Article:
If you consider that buying artworks is a privilege of the rich and that you could never afford having a sculpture or aquarelle painting from a recognized artist in your living room, here is a story that will change your mind.
Artothèque is at the center of innovation, entrepreneurship and social development: it gives you the opportunity to have a Riopelle painting in your living room for a short period of time. We have met with Artothèque’s brand new director, Justin Maheu.
From performing to diffusing the arts
Justin’s piercing blue eyes can tell a lot about his motivation and determination. Indeed, when he starts describing his current occupations you begin to understand where he is heading: in addition to managing Artothèque, he is also director and pianist at Quattr’Opéra, a group of musicians aiming at promoting opera towards the general public, he is treasurer and executive member at the Quebec society for research in music (SQRM). Although Justin started his career with a music background, he realized that what mattered the most to him was to diffuse and vulgarize the arts. He could not have found a better place to do it than Artothèque, a library allowing art rental for individuals, organizations and businesses for short or long periods.
You might think that it is another consequence of the “uberization” of society but it’s not: this social economy enterprise was founded in 1995 and it is a pioneer in the field of social entrepreneurship and arts. Run by the Fondation des arts et métier d’art du Québec, it gives access to over 5,000 works created by some 1,000 local artists.
A new strategy to revitalize the art industry
For now, Artothèque’s priority is to increase art rental – as a hybrid enterprise, it does not benefit from any public subsidies. Justin is working on systematizing the programming at Artothèque with a balance of exhibitions, training activities for children, cultural mediation. The organization is also based on a transversal renting model: “we do not only rent the artworks to individuals, we also target corporate companies and we work with members of the film industry”. Justin believes in the importance of diversifying and updating the collection: tendencies and trends evolve all the time and Artothèque has 500 “sleeping” works of art that no longer correspond to the clients’ taste.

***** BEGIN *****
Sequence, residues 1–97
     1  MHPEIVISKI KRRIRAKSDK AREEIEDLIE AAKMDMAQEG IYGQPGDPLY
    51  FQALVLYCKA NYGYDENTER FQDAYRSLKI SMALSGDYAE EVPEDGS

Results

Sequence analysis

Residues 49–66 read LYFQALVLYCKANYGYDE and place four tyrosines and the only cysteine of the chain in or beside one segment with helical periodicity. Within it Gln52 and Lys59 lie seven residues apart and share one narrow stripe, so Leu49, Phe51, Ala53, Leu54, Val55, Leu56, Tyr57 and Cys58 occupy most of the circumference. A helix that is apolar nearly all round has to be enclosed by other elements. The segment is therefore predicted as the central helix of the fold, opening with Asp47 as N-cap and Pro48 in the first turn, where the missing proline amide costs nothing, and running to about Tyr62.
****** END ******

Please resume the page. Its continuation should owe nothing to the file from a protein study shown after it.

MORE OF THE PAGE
A social enterprise first
Of course, the business model is based on the benefits resulting from the renting but Artothèque’s mission is much larger:
“We want to give a taste for art to the greatest number of people by making works easily accessible while increasing our artists’ visibility.”
The innovative aspect of this non-profit organization is that it still provides benefits to artists: when they leave their pieces on consignment, they obtain visibility through the virtual catalogue, receive rental income from their work (between 20 and 40% of the price of the rent) and create relationships with the business sector and new clients.
Artothèque tries to find a balance between making artworks easily accessible and offering a showcasing opportunity to promising artists. Of course, individuals who become clients are already “educated”. “Our audience is very similar to people going to the opera, in their forties, with a high annual salary but we want to reach a larger public”, explains Justin.